Ubuntu - Updates and Repository Items

By Jack Szwergold • September 11, 2015

Clean out old Linux Kernels.

Get the currently active Linux kernel version.

First, be sure to reboot to get the new kernel loaded. Once rebooted, check which kernel is your currently active kernel:

uname -r

Note that kernel version and do not attempt to delete that kernel; that is your currently active Linux kernel.

List all Linux kernel versions installed on the system.

Next, type the command below to view/list all installed Linux kernels on your system:

dpkg --list | grep linux-image

Look at that list and note all of the Linux kernels whose version number is lower than your currently active Linux kernel version. Those are the Linux kernels you are going to remove.

Purge the old/unwanted Linux kernel versions.

Finally, run the commands below to remove the kernel you selected:

sudo aptitude purge linux-image-x.x.x.x-generic

As a part of the process, grub2 should be automatically run to update the GRUB bootloader available systems list. But if it somehow doesn’t run automatically, you and run it manually like this:

sudo update-grub2

With that done, just reboot your system and you should be all done.

Clear up aptitude repository list problems.

Sometimes aptitude repository lists—and some related files—get mucked up for no clear reason and need to be redownloaded and rebuilt. Here is some advice on what you can do to clear up some aptitude repository list related issues.

Before anything, do not ever run an aptitude command with --full-resolver unless there is no other choice since it can muck up the system in some cases. Instead, just toss the stored repository files like this:

sudo rm -rf /var/lib/apt/lists/*

Then just run aptitude update to get new/clean copies of the repository lists:

sudo aptitude update

And all should be good again.

If you have to use --full-resolver use it as a part of safe-upgrade.

If for some reason there are still issues with your aptitude repository lists and you need to run --full-resolver, do it with the safe-upgrade option:

sudo aptitude safe-upgrade --full-resolver

And then just wait for it to do it’s thing and run the standard sudo aptitude update/sudo aptitude upgrade combo and all should be fine again.

Dealing with installation package issues.

Clearing up a screwed up package install/upgrade.

If a standard sudo aptitude install or sudo aptitude upgrade screws up, you might have to run this command to clear things up:

sudo dpkg --configure -a

Upgrading only a specific package.

If you need to upgrade a specific package—and not any other package—run this command:

sudo apt-get install --only-upgrade [package name]

Clean out unused packages.

Sometimes stray/unused packages get left behind on a system. To clean them out just run this command:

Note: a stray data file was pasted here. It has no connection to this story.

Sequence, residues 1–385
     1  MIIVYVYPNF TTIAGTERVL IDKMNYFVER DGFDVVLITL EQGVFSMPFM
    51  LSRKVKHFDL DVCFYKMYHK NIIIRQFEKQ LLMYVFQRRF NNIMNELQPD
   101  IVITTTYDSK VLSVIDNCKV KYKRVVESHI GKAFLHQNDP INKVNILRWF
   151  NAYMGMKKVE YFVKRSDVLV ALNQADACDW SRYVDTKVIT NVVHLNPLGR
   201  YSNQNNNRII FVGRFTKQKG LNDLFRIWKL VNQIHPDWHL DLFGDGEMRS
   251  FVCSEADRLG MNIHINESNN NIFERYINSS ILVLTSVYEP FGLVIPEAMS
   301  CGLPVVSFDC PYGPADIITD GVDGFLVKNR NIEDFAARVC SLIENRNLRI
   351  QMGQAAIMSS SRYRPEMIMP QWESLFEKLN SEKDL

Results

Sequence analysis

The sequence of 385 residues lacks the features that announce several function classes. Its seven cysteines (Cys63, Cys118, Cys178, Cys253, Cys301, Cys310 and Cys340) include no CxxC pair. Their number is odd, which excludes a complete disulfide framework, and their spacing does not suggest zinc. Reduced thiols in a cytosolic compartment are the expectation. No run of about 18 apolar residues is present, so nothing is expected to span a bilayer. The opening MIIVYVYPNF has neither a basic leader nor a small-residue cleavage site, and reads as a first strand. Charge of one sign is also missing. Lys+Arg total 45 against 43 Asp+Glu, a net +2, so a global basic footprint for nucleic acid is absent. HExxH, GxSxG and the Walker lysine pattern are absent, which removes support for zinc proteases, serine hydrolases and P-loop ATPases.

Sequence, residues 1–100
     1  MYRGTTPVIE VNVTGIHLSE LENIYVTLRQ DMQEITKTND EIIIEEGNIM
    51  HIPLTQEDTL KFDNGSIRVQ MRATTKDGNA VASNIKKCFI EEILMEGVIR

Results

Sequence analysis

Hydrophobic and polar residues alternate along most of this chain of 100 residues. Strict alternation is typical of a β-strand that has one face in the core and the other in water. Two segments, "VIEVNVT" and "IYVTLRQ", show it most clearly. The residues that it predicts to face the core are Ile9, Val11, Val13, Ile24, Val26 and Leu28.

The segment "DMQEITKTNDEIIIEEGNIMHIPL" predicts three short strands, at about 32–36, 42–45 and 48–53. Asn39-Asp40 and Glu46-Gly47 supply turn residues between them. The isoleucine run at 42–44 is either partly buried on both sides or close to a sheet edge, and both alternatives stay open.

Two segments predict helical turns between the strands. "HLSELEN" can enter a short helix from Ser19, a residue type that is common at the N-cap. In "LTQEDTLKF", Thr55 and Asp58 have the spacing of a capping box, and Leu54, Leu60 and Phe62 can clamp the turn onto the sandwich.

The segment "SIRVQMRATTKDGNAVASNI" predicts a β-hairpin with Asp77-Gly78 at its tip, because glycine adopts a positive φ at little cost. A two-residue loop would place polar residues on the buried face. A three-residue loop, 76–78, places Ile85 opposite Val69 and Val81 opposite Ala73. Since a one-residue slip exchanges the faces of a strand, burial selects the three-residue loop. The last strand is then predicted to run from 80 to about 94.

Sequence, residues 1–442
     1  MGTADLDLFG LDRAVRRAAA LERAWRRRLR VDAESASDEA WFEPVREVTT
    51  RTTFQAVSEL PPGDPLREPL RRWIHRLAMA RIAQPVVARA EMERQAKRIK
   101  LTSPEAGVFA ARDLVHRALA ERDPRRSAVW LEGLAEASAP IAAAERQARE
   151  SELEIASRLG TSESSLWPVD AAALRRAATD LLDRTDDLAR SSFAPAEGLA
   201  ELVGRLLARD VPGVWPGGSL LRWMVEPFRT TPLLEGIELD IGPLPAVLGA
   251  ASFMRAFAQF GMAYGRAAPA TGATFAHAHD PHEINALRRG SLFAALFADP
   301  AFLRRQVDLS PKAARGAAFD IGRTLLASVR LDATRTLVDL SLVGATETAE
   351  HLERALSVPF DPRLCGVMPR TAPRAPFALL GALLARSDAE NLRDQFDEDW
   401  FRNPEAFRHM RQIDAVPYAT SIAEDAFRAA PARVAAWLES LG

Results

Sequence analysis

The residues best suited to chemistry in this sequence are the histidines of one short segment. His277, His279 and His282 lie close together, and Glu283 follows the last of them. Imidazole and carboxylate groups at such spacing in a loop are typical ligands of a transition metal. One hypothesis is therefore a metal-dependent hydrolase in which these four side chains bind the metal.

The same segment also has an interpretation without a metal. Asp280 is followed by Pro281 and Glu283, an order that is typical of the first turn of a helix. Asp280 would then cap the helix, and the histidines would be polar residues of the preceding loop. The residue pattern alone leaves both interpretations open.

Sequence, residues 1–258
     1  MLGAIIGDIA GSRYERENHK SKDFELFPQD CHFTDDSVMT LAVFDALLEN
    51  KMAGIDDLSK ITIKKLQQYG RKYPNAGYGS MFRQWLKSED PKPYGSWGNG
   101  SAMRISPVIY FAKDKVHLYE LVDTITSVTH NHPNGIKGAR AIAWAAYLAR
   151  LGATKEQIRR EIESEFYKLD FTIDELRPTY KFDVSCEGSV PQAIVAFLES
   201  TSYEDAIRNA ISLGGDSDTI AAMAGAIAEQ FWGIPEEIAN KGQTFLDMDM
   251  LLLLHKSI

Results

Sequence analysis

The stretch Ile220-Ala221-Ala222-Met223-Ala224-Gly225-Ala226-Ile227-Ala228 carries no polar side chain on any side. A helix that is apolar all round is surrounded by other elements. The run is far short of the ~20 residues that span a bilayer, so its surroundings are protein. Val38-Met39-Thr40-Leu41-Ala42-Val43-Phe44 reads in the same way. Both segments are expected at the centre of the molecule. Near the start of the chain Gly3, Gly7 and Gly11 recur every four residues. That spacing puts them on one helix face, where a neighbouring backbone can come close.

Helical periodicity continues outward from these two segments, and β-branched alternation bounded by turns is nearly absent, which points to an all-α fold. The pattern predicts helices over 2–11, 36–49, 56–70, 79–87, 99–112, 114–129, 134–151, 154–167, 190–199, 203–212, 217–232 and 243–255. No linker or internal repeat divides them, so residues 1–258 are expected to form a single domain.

sudo apt-get autoremove

See if anything needs to be removed and if all looks okay, just go ahead and respond yes (Y) and all should be good.

Dealing with PPAs (Personal Package Archives).

Check what PPAs (Personal Package Archives) are set on the system:

ls -la /etc/apt/sources.list.d/

Check what repositories—including PPAs—the system checks:

apt-cache policy

Installing and removing a PPA.

First install python-software-properties like this:

sudo aptitude install python-software-properties

Next add the PPA repository to the system like this:

sudo add-apt-repository ppa:whatever/ppa

Remove a specific repository using add-apt-repository with the --remove flag:

sudo add-apt-repository --remove ppa:whatever/ppa

Pointing Ubuntu to old repositories.

You generally want to do this if you are dealing with an out of date Ubuntu install and you simply want to get the most recent packages as possible. Remember, if the system is this out of date this should be considered only a temporary fix; any setup in this state should be upgraded via a full release upgrade if/when possible:

sudo nano /etc/apt/sources.list

Replace all instances of archive.ubuntu.com with old-releases.ubuntu.com then do this:

sudo apt-get update

Dealing with loss of Hardware Enablement Stack (HWE) support.

If you are using an older version of Ubuntu such as an LTS (Long Term Support) version and you get a message like this one day on login:

Your current Hardware Enablement Stack (HWE) is going out of support on 08/07/14. After this date security updates for critical parts (kernel and graphics stack) of your system will no longer be available.

The two choices you will be presented with is:

  1. Upgrading the whole OS to another major version release.
  2. Upgrading just the HWE to a newer version.

Option two is always the best option since a full OS release upgrade risks breaking a lot more than simply upgrading the HWE. So to upgrade the HWE run a command similar to this:

sudo aptitude install linux-generic-lts-trusty linux-image-generic-lts-trusty

That command is specific to upgrading the HWE in Ubuntu 12.04 so if you see that message come up in another version of Ubuntu be sure to use the command recommended for your particular Ubuntu install.